ACS CAN comments on Short-term Limited-Duration proposed rule

September 9, 2023

The American Cancer Society Cancer Action Network (ACS CAN) appreciates the opportunity to comment on short-term, limited-duration (STLD) insurance proposed rule offered by the Department of Health and Human Services (HHS), the Department of Labor (DOL) and the Internal Revenue Service (IRS) (collectively “the Departments”). ACS CAN is making cancer a top priority for public officials and candidates at the federal, state, and local levels. ACS CAN empowers advocates across the country to make their voices heard and influence evidence-based public policy change, as well as legislative and regulatory solutions that will reduce the cancer burden. As the American Cancer Society’s nonprofit, nonpartisan advocacy affiliate, ACS CAN is more determined than ever to end cancer as we know it, for everyone.

ACS CAN supports the regulations proposed by the Departments. We have long been concerned about the availability of short-term plans[1] that traditionally have low premiums but fail to provide the kind of comprehensive coverage an individual would need if they were diagnosed with a serious and unplanned disease such as cancer. Issuers offering short-term plans are permitted to engage in medical underwriting - denying coverage to people with pre-existing conditions like cancer, charging more based on a person’s health status, or refusing to cover services related to an individual’s pre-existing conditions. They are also permitted to impose lifetime and annual limits on coverage and are not required to provide coverage for the Affordable Care Act’s (ACA’s) essential health benefits. For example, many of these plans do not cover any prescription drugs, or preventive services – benefit categories that are crucial to preventing cancer, detecting it at earlier stages, and treating it. These plans are a throwback to a time when many people with serious conditions like cancer could not get or keep health insurance.

STLD policies can leave individuals with diseases like cancer financially vulnerable. For example, an ACS CAN report estimated that an individual who was diagnosed with non-Hodgkin’s Lymphoma in 2020 while enrolled in a 12-month STLD policy could face more than $51,000 in out-of-pocket costs, which was more than 4 times what other cancer patients with comprehensive insurance coverage would have paid.[1]

Additional research has shown that in states with a proliferation of STLD plans there was a decreased rate of early-stage cancer diagnoses meaning that more cancers were found at a later stage when the disease is often harder and more expensive to treat.[2] Conversely, in states that have enacted legislation prohibiting or severely limiting access to STLD plans there was an increased rate of early-stage cancer diagnosis, when more treatment options may exist and when cancer is often less expensive to treat. Unfortunately, since the 2018 rule was promulgated, the availability of STLD plans has increased significantly. It is well documented that STLD plans are often marketed and sold to consumers in a manner that is confusing and misleading.[3],[4],[5]

Finally, since the 2018 rule was promulgated,[6] the health care landscape has changed significantly such that a reinterpretation of the existing rules is warranted. Those seeking individual coverage have more affordable options for comprehensive coverage. Since 2019, issuer participation in ACA marketplace plans has increased,[7] providing consumers with more plans from which to choose. Since 2020, the generosity of the tax credits and subsidies for marketplace plans has increased, resulting in more consumers enrolling in Marketplace coverage that is more affordable, and in some cases, even free.[8] Most recently the Administration promulgated new regulations that would fix the so-called “family glitch” resulting in an estimated 1 million more individuals having access to subsidies in the Marketplace.[9]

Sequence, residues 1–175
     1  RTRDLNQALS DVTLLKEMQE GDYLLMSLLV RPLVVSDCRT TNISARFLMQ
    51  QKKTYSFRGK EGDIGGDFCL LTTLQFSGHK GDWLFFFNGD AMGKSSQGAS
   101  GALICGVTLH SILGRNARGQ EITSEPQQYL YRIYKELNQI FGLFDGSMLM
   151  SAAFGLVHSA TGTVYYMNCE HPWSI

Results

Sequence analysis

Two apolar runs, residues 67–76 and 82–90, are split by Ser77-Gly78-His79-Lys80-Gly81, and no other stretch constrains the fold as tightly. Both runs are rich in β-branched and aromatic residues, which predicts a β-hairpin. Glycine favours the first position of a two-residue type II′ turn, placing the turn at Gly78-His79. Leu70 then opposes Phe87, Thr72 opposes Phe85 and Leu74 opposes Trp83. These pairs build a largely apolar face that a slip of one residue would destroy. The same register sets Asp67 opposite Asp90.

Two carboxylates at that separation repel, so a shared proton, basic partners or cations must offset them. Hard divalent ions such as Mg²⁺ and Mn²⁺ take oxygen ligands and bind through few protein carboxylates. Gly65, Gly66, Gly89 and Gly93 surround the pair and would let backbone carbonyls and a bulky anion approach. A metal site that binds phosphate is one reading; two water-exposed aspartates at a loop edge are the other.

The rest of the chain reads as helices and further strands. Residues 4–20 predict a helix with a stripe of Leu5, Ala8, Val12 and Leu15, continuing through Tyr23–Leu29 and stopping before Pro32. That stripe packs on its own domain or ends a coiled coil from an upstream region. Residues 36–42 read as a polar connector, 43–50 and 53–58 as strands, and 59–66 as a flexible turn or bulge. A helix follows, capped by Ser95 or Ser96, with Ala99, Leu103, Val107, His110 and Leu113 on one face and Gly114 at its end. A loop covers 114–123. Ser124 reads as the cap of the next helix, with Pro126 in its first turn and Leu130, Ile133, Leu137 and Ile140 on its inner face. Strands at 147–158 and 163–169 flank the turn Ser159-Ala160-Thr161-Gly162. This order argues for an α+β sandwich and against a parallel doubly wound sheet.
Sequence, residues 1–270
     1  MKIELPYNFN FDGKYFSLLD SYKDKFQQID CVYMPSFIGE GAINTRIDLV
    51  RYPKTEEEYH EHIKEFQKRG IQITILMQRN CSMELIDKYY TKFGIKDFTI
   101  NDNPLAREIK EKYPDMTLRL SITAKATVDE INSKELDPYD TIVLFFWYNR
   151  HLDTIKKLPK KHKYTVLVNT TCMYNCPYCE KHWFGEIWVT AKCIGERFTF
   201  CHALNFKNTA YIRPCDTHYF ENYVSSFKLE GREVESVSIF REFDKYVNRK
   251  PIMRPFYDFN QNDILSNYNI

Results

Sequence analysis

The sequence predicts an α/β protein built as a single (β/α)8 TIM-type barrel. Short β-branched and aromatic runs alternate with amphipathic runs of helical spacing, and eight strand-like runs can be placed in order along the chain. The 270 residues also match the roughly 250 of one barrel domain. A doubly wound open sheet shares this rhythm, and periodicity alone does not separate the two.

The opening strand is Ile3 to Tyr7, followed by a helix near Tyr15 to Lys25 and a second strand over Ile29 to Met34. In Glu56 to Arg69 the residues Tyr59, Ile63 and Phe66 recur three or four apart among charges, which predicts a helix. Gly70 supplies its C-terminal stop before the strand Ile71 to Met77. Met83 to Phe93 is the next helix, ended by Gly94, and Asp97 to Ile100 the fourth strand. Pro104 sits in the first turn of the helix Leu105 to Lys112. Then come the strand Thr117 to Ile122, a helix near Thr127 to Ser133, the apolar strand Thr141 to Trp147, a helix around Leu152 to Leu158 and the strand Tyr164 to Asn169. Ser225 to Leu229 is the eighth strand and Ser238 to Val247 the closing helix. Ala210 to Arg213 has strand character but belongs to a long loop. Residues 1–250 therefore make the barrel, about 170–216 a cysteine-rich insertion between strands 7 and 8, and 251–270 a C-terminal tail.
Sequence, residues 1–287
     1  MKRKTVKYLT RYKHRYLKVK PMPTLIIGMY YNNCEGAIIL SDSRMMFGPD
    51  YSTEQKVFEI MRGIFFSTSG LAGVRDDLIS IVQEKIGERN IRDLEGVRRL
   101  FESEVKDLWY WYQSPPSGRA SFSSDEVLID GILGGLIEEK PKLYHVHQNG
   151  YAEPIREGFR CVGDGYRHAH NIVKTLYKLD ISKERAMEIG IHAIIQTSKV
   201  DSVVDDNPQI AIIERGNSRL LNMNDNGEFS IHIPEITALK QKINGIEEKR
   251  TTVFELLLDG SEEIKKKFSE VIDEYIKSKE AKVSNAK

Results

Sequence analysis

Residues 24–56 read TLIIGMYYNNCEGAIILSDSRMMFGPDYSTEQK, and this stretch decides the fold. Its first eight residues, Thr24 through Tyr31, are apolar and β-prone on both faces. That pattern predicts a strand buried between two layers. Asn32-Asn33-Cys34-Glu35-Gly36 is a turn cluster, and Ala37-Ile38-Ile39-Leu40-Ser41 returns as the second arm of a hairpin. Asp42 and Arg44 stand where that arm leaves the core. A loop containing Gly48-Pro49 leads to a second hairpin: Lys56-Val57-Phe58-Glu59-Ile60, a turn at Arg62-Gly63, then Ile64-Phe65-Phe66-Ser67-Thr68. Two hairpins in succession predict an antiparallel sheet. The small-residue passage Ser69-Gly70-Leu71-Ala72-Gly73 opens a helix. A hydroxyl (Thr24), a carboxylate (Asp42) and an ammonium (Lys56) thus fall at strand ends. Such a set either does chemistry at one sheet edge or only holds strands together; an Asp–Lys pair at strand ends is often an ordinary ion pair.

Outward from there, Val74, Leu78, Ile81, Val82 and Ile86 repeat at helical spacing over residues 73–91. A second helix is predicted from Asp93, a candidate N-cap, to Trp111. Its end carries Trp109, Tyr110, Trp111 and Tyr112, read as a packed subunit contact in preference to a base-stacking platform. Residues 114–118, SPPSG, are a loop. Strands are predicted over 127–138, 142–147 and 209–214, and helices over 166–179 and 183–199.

[1] American Cancer Society Cancer Action Network. Short-term limited duration health plans leave cancer patients vulnerable to extremely high out-of-pocket costs. June 2022. Available at

[2] Barnes JM, Kirchhoff AC, Yabroff KR, Chino F.  Association of state policies regulating short-term limited-duration insurance plans and cancer stage at diagnosis. Journal of Clinical Oncology 2023 41:16_suppl, 1589-1589.

[3] Linke Young, C., & Hannick, K. Fixed indemnity health coverage is a problematic form of “junk insurance.” Brookings. October 2020. Government Accountability Office. Private Health Coverage: Results of Convert Testing for Selected Offerings. August 2020.

[4] R. Schwab and J. Volk, The Perfect Storm: Misleading Marketing of Limited Benefit Products Continues as Millions Losing Medicaid Search for New Coverage, Georgetown University Center on Health Insurance Reforms, August 2023.

[5] D. Palanker and J. Volk, Misleading Marketing of Non-ACA Health Plans Continued During COVID-19 Special Enrollment Period, Georgetown University Center on Health Insurance Reforms, October 2021.

[6] Department of Health and Human Services, Department of the Treasury, and Department of Labor. Short-Term, Limited-Duration Insurance. Final Rule. 83 Fed. Reg. 38212 (Aug. 3, 2018) [hereinafter “2018 rule”].

[7] Hempstead K. Marketplace pulse: Participation in 2022. Robert Woods Johnson Found. Jan 18, 2022. Available at

[8] Count Estimates of Zero- and Low-Premium Plan Availability, States Pre and Post ARP. April 2021.

[9] Keith K. Family glitch fix provides new affordable coverage option. The Commonwealth Fund. Nov. 3, 2022. Available at


[1] American Cancer Society Cancer Action Network. Inadequate coverage: An ACS CAN examination of short-term health plans. May 2019. Available at